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Qingfang Jiang
Ming Liu
, and
James D. Doyle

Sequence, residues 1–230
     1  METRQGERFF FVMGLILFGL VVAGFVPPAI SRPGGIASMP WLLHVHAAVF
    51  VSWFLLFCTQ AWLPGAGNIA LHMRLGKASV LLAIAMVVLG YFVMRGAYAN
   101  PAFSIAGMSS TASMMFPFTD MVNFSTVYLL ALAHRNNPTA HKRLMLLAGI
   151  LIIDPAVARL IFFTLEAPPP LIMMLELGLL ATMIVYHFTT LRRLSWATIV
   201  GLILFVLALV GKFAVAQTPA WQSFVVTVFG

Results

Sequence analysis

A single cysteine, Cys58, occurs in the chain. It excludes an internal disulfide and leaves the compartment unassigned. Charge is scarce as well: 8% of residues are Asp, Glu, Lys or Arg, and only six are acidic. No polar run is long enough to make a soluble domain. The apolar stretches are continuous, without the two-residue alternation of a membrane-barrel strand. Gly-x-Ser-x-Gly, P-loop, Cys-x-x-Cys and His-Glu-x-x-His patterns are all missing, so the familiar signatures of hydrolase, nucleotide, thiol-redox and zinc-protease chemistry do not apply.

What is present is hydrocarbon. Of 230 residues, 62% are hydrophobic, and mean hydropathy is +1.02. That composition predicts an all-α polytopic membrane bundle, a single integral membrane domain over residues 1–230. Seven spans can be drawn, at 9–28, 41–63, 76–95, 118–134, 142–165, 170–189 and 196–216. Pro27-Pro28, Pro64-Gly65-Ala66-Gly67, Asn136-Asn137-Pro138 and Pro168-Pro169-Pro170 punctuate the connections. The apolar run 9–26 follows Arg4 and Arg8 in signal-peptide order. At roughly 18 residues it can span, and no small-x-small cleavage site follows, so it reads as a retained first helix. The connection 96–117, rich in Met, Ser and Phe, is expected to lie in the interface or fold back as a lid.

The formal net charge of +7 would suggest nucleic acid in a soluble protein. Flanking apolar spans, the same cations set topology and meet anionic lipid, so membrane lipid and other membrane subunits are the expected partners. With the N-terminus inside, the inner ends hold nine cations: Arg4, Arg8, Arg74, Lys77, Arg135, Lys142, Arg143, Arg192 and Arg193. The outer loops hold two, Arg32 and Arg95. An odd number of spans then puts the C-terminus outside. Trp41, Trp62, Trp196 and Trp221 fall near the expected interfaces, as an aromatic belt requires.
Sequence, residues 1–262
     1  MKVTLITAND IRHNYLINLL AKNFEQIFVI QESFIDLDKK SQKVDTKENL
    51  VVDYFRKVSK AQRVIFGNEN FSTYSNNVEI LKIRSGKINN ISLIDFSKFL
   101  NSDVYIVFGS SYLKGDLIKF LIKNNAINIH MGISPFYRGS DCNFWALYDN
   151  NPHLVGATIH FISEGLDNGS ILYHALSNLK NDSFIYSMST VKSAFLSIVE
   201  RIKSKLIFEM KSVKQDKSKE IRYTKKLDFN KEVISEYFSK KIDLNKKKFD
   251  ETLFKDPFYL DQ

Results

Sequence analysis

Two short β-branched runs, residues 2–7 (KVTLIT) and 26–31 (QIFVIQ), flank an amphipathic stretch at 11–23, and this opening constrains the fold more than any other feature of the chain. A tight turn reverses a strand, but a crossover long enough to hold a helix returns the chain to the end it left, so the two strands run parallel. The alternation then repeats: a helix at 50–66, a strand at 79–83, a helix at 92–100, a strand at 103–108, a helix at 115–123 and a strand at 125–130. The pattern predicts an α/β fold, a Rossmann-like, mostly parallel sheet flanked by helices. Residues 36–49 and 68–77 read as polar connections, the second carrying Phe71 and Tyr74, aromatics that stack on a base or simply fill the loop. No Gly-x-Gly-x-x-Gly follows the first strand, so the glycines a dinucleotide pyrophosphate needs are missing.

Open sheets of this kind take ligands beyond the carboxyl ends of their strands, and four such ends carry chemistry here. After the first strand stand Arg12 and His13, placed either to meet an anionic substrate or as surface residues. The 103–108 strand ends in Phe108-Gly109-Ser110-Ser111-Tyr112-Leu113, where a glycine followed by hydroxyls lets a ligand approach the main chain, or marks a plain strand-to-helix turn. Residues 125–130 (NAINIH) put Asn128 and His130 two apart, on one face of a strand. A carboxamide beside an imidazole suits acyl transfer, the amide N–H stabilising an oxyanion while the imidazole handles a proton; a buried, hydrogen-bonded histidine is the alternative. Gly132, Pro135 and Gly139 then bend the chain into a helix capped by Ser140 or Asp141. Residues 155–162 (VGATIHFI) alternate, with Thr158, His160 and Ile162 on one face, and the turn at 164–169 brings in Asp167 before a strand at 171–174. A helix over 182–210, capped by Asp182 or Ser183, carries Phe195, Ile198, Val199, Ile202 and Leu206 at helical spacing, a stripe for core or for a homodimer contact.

Fine dust particles emitted from Owens (dry) Lake in California documented during the Terrain-Induced Rotor Experiment (T-REX) of 2006 have been examined using surface observations and a mesoscale aerosol model. Air quality stations around Owens (dry) Lake observed dramatic temporal and spatial variations of surface winds and dust particulate concentration. The hourly particulate concentration averaged over a 2-month period exhibits a strong diurnal variation with a primary maximum in the afternoon, coincident with a wind speed maximum. The strongest dust event documented during the 2-month-long period, with maximum hourly and daily average particulate concentrations of 7000 and 1000 μg m−3, respectively, is further examined using output from a high-resolution mesoscale aerosol model simulation. In the morning, with the valley air decoupled from the prevailing westerlies (i.e., cross valley) above the mountaintop, fine particulates are blown off the dry lake bed by moderate up-valley winds and transported along the valley toward northwest. The simulated strong westerlies reach the western part of the valley in the afternoon and more fine dust is scoured off Owens (dry) Lake than in the morning. Assisted by strong turbulence and wave-induced vertical motion in the valley, the westerlies can transport a substantial fraction of the particulate mass across the Inyo Mountains into Death Valley National Park.

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